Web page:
Theresa May is heading for top-level Brexit talks in Berlin and Paris as she seeks support for another extension.
The Prime Minister is embarking on a diplomatic flurry which will see her meet German Chancellor Angela Merkel and French President Emmanuel Macron ahead of a crunch EU summit on Wednesday.
All 27 remaining EU heads of government must agree to an extension if the UK is to avoid the default position of a no-deal Brexit on Friday night.
According to reports, Brexit could be delayed by nearly a year under plans being considered by EU officials.
Mrs May is expected to ask the EU for an extension to June 30 in order to get a deal through Parliament.
On Monday night, MPs and peers backed a new law to extend the Brexit process and cross-party talks are expected to continue in the hope of finding a compromise.
Ahead of Mrs May’s meetings with her French and German counterparts, details of the EU’s potential demands for another extension to the Article 50 period began to emerge in reports.
If a deal is not passed by MPs by Friday, the EU leaders could be asked to consider a nine or 12-month extension, until December 31 2019 or March 31 2020.
Such an extension would mean the UK had to take part in European parliamentary elections, a prospect anathema to hardline Brexiteer Tories, and could be sidelined from budget decisions in Brussels.
The obligation for the UK to be a good partner emerged after Jacob Rees-Mogg, chairman of the European Research Group of Brexiteer Tories, said Britain should use its powers “to be difficult”.
Our cross party Bill now has Royal Assent. Parliament has voted tonight against the damage & chaos that No Deal would cause for jobs, manufacturing, medicine supplies, policing & security. pic.twitter.com/WNn1TazsJw— Yvette Cooper (@YvetteCooperMP) April 8, 2019
On Monday night, the Commons backed a series of Lords amendments to the European Union (Withdrawal) (No 5) Act after it was rushed through both Houses of Parliament.
The cross-party move brought forward by Yvette Cooper and others led to Mrs May tabling a Commons motion for debate on Tuesday setting June 30 as the extension date.
The move came as the Government and Labour were holding talks on trying to break the Brexit deadlock.
After officials from the two sides met on Monday, the fresh round of talks will include Mrs May’s de facto deputy, Cabinet Office Minister David Lidington, and shadow Brexit secretary Sir Keir Starmer.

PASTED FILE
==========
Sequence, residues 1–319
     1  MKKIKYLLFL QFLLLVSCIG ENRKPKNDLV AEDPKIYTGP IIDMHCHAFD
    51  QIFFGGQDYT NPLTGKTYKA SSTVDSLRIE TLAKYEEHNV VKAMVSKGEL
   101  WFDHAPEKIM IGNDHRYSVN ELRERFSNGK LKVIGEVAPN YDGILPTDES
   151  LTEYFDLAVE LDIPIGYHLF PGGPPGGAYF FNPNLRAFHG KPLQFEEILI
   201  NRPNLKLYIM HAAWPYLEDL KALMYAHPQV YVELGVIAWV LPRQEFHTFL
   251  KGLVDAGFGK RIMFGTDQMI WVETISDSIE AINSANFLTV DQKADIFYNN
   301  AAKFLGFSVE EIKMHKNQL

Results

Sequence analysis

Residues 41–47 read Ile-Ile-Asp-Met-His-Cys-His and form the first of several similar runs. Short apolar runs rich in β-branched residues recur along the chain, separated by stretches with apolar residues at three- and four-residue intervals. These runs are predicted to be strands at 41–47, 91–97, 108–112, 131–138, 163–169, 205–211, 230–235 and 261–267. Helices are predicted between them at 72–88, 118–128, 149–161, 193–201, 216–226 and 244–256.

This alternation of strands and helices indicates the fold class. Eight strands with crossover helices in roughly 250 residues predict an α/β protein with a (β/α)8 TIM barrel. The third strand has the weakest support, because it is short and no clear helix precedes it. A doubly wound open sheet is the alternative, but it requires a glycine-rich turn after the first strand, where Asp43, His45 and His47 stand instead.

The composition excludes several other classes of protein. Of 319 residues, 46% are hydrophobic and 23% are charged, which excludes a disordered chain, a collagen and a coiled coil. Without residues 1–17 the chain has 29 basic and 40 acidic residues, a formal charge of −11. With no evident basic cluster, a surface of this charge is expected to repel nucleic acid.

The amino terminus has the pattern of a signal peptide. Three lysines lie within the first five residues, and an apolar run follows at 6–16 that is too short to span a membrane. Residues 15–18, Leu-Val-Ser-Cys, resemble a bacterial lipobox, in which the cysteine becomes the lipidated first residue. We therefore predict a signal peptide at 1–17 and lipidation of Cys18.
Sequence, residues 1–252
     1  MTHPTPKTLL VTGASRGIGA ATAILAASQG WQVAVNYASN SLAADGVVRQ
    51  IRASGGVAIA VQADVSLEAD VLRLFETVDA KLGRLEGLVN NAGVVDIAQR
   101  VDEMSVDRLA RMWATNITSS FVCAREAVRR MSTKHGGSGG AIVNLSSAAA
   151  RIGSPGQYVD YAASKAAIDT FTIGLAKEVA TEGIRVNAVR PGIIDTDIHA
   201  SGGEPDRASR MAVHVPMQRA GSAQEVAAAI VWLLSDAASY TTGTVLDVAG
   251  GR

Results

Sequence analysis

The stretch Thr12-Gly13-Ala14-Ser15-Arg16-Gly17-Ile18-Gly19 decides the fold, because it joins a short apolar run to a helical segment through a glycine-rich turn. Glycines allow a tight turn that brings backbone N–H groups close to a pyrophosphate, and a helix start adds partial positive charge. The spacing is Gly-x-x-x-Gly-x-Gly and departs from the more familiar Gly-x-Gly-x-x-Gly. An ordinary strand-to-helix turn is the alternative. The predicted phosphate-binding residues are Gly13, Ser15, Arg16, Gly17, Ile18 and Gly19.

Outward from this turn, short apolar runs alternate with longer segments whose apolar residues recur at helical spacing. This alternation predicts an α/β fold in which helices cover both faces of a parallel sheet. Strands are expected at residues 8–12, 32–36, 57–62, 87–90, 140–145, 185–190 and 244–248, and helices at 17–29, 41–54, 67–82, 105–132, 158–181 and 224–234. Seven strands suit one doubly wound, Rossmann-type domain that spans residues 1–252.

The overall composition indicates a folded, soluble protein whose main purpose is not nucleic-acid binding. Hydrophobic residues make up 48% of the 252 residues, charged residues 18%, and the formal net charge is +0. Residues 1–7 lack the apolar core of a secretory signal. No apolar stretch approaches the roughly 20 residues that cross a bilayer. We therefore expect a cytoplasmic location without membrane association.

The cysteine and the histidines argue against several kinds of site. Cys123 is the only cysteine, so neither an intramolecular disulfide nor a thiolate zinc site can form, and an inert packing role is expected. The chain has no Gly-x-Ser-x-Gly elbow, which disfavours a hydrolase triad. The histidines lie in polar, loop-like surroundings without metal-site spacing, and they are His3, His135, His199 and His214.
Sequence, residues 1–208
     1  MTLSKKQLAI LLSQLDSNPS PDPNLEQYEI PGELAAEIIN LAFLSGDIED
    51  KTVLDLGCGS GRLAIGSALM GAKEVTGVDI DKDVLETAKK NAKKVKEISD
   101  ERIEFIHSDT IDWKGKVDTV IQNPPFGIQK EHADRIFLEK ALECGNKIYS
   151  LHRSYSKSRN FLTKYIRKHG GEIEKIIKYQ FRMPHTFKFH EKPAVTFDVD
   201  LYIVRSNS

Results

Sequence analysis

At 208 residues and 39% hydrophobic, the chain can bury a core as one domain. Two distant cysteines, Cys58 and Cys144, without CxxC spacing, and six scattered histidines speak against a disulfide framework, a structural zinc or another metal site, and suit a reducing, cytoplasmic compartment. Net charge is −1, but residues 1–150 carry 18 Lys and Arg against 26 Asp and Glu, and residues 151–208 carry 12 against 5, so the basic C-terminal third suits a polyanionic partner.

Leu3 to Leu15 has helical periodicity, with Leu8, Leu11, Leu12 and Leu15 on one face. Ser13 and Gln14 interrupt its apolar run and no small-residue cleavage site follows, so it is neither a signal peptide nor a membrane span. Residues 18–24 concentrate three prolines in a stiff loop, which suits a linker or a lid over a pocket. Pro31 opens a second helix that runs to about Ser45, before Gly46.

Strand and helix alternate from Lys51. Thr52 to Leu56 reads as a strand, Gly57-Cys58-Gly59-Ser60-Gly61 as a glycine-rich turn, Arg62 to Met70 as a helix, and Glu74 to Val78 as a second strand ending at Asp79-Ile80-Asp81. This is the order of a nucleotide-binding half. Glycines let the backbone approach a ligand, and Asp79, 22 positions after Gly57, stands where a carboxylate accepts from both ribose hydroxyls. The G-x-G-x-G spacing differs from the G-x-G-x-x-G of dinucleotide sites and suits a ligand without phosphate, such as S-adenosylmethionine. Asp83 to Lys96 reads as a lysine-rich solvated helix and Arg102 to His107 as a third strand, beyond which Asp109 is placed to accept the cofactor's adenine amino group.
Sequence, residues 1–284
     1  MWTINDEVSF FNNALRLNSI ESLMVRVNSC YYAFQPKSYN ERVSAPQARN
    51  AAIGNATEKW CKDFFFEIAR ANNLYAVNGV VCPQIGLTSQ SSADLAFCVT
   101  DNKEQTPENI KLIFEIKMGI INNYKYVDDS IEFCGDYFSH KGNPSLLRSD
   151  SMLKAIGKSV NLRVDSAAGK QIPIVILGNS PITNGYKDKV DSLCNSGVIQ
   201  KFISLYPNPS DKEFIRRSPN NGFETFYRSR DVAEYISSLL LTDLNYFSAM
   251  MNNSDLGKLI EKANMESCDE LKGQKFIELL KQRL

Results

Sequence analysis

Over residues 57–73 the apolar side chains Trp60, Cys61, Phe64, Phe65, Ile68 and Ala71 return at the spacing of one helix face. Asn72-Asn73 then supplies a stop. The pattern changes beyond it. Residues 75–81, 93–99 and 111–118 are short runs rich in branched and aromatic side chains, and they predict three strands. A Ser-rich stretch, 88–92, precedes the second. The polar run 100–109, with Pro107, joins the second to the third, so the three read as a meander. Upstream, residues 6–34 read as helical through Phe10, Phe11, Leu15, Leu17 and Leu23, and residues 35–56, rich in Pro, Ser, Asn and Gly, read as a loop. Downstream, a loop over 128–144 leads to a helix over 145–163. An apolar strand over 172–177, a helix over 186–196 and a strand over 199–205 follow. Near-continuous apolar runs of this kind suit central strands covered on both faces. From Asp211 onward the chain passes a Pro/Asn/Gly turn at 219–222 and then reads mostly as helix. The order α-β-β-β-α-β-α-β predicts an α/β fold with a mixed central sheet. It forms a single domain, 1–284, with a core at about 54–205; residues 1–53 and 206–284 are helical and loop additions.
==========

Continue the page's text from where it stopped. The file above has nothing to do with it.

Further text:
Labour leader Jeremy Corbyn has called on the Government to be more flexible regarding red line issues in the talks.
In a bid to end the deadlock with Labour, the Prime Minister is considering offering MPs a vote on whether to hold a referendum on any deal agreed on Brexit, according to the Daily Telegraph.
Senior backbench Tories visited Mrs May in Downing Street on Monday and it is understood concern was expressed about the possibility of agreeing to a customs union as a price for a deal with Labour.
And in Tuesday’s Daily Telegraph, Tory grandee William Hague said the talks were “akin to having a dinner date with a crocodile”.
Lord Hague wrote: “It is difficult in any case to see how carrying through the programme of Brexit procedures and laws could be sustained by an agreement between part of the Conservative Party and the bulk of the Labour Party – the Government would be highly likely to collapse under such a strain.”
The cross-party discussions are taking place as the Tories launch a selection process for candidates to stand in European Parliament elections next month.
The Financial Times reported that the Tory Party was rushing to line up candidates for the EU parliamentary elections on Monday night.
The Government earlier tabled an order enabling the elections to be held in Britain if the country has not left the EU by the time they are due to take place on May 23.
The Cabinet Office said the elections would be cancelled automatically if the UK left before then.
European Council president Donald Tusk has recommended a one-year extension to the Brexit process, with a break clause allowing an earlier departure if a withdrawal deal is ratified in Westminster.